Ignatius and The Magis

Source: sjnen.org

Today is the Feast of Saint Ignatius of Loyola, the founder of the Jesuits. He died on this day in 1556. Ignatius left many gifts to the Church. Today is a day to give thanks for those gifts. It is a day to celebrate the continuing influence of his spiritual wisdom in the lives of individuals and communities. One of the aspects of the spiritual life for which he is most famous is his instruction on discernment.

My experience of listening to busy people in our culture has shown me that one of the most helpful elements of discernment Ignatius offers is found in the Latin word magis. People live very demanding, full and busy lives. We have many expectations and desires. But we can’t do it all. We need to make wise and discerning choices about how we spend our limited time and energy. Thus the magis, “the greater good.” I am the first to admit that I don’t follow my own advice. I have several responsibilities. As I am teaching the magis to others, I ask myself, so which of these good things I do is the greater good? Is my energy too divided among various good things?

Ignatian spirituality is rooted in an understanding that the spiritual life is marked by interior movement. His view was that staying put in one spiritual stance is a sign that the spiritual life is dead. Simply put, the movement is either consolation or desolation.Source: godinallthings.com

I am in consolation when I am moving out of myself, toward God and others. One Ignatian writer describes it as being in tune with the action of God in the world. That is often accompanied by good and positive feelings such as happiness. There are also times when I don’t feel good, but the movement is clearly taking me out of myself. The classic example is Jesus on the cross. We can assume that he did not feel good. But his crucifixion is a perfect manifestation of being in tune with God the Father and the needs of suffering humanity. Jesus was at peace that he was choosing the Father’s will.

I am in desolation when I am in a kind of spiritual narcissism, caught up in myself. I am separated or out of tune with God and those around me. I can feel desolate. But, the tricky part is that I can also feel quite happy and be oblivious to the reality that I am selfishly unaware of God and those around me. Once I become aware of those movements of consolation and desolation within me, I have the self-knowledge that Ignatius presumes for discernment. I know the ways and patterns by which I am helped to be in tune with God and out of tune with God. But discernment is not just about the interior movements. It is also about the actual choices I make about how I live.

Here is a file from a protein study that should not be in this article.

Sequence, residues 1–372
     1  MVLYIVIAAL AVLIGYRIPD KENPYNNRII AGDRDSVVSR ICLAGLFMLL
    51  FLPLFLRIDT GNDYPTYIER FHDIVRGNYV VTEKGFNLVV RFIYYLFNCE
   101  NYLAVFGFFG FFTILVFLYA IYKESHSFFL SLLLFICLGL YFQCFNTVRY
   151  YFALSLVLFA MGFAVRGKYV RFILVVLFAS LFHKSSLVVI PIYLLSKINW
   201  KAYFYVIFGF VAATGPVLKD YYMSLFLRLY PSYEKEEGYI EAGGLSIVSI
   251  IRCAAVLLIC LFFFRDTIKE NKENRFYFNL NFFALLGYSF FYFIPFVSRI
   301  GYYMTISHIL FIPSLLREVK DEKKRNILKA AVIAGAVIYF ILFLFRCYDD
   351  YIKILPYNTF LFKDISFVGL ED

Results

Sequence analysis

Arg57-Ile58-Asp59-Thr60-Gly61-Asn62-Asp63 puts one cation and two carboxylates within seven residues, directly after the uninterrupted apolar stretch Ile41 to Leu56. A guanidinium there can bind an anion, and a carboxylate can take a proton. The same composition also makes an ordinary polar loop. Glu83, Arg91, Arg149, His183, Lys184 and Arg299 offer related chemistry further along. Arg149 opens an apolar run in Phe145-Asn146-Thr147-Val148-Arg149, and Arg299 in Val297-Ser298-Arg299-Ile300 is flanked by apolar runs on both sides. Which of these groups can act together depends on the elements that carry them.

Source:theoddysseyonline.comA common misunderstanding among many people is that discernment is about choosing between good and bad things. Ignatius assumes that we are basically good people, so we would not normally choose something bad over something good. Rather, we are often in situations where we have to choose between two or more good things. I might have a desire to work on all kinds of projects at the same time. But I can’t do them all. I have limited time and energy. I walk into an all-you-can-eat buffet and realize after a while that there is a limit to what I can actually put in my body.

To be discerning means that I make wise decisions, based on all of the data before me. That’s where the magis comes in. I can’t do it all or have it all. So, I have to ask myself what is the greater good. It presumes that I have an internal set of priorities that tell me one thing is more important than another.Source: americanmagazine.org

That is a very helpful concept for people who are very busy and have many expectations placed on them – in other words, most people in our culture. I can’t realistically watch two movies at once. So, which is the better good? I can’t take two evening courses, given my family commitments and my work. Which is the better good? I can’t pursue those two projects at once, so which is the better choice, the magis? I can’t be both a Roman Catholic priest and a married man with a family.

We have to make choices about how we use our limited time and energy. On this Feast of Saint Ignatius, let us pray for the grace to be discerning and selective in our choices, both the everyday choices, but also the major choices in life.

Philip Shano, SJ has many years of rich and varied experience working with Ignatian spirituality: teaching, writing and using it in his ministry. He resides in the Jesuit community in Pickering, Ontario.

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